White House press secretary Jay Carney said Wednesday it would be "shameful" for Republicans to filibuster a Senate gun-control bill, invoking the victims of the Newtown, Conn. elementary school shooting.
"It would be shameful to not allow any one of these measures to come up to a vote," Carney said aboard Air Force One.
President Obama is in Denver on Wednesday to advocate for a Senate gun-control package that would expand background checks to cover the private sale of firearms. In early excerpts of the speech, the president argues there is "no conflict" between the measure and protecting citizens' Second Amendment rights.
The Senate vote had been planned for next week, once Congress returned from their Easter recess. But it appears the vote will be delayed further as Democrats attempt to win over Republican lawmakers in an effort to defeat a filibuster attempt.
Some Republican senators, including Marco RubioMarco RubioSunday shows preview: Trump stares down 100-day mark Treasury won’t grant Exxon drilling waiver for Russia Report: Trump privately met with former Colombian presidents in Florida MORE (Fla.) and Rand PaulRand PaulWe can put America first by preventing public health disasters Conservative activists want action from Trump McConnell: 'Big challenge' to pass ObamaCare repeal in Senate MORE (Ky.), have said they plan to filibuster any new gun control attempts.
Democratic aides have suggested that they could strike provisions that would include record keeping on gun owners in order to win support from conservative senators. The National Rifle Association has also lobbied against language in the bill covering straw purchases, which would penalize those who purchased a gun for someone who was legally barred from owning a firearm or planned to use the weapon in the commission of a crime.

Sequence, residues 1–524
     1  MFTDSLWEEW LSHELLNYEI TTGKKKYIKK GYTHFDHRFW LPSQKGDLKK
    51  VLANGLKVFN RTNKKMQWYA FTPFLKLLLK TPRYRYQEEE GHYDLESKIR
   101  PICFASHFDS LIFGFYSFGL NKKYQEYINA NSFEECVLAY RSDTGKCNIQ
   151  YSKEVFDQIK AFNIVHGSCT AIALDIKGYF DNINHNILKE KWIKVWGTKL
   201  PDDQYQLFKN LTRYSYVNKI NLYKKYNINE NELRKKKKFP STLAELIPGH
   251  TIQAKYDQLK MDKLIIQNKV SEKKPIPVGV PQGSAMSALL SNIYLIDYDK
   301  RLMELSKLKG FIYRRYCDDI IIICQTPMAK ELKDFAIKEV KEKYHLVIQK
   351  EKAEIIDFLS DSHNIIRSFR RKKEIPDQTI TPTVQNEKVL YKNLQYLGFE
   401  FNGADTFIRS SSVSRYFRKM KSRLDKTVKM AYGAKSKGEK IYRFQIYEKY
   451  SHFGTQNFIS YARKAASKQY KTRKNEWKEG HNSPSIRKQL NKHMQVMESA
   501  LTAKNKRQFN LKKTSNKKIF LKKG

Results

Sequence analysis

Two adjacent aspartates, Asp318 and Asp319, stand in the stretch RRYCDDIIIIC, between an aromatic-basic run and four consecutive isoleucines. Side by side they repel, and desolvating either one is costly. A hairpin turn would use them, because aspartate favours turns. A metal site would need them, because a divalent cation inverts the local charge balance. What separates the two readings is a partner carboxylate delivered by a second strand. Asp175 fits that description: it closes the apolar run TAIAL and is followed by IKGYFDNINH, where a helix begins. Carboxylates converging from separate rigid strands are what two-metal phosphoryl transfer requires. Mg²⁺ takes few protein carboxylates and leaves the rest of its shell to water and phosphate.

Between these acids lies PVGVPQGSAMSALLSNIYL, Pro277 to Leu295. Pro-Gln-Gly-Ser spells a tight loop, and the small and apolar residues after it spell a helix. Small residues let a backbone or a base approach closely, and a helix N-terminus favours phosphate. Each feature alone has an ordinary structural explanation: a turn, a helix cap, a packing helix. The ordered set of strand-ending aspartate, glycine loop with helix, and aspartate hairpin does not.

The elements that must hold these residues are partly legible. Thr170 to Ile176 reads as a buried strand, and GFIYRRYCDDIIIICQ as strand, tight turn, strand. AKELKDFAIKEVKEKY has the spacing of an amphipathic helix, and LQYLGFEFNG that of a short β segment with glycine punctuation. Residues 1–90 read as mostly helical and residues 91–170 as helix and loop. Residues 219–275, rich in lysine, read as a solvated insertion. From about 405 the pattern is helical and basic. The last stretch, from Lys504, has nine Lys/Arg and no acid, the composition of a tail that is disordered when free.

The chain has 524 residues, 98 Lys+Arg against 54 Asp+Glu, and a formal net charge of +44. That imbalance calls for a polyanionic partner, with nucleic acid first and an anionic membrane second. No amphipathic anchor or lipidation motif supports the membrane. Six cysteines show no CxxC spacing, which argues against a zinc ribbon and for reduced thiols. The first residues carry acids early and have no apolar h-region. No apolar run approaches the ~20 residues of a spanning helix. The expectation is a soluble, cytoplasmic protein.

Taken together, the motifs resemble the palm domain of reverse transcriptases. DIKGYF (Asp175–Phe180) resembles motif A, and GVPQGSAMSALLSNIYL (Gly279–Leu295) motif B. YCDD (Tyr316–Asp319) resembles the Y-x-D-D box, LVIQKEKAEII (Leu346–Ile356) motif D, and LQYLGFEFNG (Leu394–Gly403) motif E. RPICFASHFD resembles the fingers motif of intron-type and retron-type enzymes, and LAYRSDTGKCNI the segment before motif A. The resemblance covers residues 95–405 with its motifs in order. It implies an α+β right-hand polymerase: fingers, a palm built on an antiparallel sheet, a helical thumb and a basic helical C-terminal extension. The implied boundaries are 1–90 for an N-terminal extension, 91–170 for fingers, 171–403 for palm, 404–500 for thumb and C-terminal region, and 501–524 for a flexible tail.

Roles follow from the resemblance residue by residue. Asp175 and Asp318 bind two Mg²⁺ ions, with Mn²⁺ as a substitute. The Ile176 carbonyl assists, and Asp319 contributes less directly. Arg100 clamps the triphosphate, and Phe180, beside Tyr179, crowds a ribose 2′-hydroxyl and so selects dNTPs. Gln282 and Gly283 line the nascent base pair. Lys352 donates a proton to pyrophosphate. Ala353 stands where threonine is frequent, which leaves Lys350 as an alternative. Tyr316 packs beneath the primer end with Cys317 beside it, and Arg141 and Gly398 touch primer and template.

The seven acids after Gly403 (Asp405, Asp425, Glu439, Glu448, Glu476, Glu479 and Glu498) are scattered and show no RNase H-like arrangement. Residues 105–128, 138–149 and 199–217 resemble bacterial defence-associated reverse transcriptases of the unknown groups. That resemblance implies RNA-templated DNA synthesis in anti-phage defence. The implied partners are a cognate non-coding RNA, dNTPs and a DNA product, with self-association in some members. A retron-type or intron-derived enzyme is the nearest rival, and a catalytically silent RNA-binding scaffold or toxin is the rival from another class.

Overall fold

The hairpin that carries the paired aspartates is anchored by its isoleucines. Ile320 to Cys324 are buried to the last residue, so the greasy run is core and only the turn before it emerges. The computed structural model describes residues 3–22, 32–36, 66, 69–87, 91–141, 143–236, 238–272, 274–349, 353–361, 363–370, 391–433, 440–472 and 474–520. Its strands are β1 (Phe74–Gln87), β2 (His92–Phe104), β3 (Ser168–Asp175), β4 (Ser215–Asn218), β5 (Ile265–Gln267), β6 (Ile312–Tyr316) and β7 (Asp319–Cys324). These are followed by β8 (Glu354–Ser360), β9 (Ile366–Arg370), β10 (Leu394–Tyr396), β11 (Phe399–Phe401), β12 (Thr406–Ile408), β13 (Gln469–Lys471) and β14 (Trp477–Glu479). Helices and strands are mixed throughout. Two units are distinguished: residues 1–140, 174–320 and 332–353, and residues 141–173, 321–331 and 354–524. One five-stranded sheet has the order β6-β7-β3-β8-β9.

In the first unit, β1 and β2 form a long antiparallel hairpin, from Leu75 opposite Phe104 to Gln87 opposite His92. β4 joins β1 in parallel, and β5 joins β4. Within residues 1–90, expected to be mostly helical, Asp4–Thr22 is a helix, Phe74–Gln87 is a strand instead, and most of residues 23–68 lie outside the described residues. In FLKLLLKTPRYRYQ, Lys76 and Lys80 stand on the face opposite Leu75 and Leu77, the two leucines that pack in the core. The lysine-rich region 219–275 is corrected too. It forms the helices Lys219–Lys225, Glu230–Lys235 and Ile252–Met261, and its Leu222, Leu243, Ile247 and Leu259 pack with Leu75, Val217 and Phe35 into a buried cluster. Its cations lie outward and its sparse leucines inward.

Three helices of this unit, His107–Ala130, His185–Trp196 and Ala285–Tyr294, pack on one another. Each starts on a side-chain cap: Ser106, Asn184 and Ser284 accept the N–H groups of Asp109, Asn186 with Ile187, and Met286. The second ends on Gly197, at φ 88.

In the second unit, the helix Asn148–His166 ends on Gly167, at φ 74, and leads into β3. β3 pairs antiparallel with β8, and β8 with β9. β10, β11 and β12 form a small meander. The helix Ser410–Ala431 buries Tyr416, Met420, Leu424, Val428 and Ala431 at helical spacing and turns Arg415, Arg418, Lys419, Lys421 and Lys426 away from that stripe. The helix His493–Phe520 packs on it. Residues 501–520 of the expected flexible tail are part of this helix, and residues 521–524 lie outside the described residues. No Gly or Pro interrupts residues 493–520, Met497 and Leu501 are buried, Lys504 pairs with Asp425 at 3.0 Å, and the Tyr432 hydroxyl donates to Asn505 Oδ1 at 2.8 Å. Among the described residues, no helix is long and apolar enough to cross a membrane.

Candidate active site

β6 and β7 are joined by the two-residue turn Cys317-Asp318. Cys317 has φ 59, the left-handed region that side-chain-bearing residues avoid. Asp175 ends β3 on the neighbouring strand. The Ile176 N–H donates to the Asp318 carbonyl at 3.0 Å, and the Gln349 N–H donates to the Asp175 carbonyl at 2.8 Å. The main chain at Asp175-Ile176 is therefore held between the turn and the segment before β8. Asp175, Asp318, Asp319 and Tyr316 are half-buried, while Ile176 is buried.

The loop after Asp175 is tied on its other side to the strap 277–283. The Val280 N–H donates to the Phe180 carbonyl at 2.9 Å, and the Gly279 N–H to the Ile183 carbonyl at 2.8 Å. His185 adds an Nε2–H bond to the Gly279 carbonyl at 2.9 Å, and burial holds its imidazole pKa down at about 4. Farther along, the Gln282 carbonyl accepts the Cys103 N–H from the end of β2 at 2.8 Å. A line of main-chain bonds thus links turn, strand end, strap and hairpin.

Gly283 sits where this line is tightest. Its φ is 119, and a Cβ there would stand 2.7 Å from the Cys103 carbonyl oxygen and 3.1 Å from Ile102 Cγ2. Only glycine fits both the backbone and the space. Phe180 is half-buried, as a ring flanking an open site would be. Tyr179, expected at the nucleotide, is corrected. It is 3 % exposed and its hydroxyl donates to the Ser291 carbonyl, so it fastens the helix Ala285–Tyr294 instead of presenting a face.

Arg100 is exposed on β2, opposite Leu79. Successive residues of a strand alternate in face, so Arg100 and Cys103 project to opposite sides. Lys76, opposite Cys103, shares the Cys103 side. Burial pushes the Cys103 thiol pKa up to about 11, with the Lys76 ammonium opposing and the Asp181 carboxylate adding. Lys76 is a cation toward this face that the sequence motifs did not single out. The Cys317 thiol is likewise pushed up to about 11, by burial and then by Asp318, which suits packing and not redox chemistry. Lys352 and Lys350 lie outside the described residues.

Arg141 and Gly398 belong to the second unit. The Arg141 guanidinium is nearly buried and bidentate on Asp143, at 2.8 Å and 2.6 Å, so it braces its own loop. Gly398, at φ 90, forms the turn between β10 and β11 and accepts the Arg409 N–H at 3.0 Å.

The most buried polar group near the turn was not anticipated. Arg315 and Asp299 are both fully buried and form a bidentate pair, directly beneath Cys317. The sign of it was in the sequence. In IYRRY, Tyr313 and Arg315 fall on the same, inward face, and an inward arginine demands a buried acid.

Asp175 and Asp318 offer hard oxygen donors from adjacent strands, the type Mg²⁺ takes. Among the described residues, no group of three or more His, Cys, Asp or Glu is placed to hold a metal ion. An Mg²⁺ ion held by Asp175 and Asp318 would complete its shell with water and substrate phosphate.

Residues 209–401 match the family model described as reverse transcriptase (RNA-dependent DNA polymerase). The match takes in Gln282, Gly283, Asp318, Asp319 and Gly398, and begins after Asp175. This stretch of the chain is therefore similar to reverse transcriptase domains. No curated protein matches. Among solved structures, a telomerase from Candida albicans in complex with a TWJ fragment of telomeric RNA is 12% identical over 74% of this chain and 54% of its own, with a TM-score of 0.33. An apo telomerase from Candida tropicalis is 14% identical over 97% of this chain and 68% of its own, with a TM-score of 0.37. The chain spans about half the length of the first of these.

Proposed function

"If you have individuals who are routinely buying weapons as straw purchasers on behalf of criminals who cannot buy weapons themselves because of their criminal record, that’s a violation of the law, and we ought to take action to ensure that the law is enforced," Carney said.
"That seems like a very common-sense, conservative principle to me, as does the idea that the background check system that already exists should be improved so that loopholes are closed that make sure that it does what it was intended to do, and that is ensure that those with criminal records and others who, by law, should not be allowed to, or are not allowed to purchase weapons cannot circumvent the law because of the loopholes in the system."
The press secretary also defended the use of the Denver Police Academy as the site for Wednesday's speech. Some former law enforcement officials had complained about the use of the site for a political address.
"I think most law enforcement officials agree that closing loopholes in our background check system assists them in their job to protect the American people from gun violence," Carney said.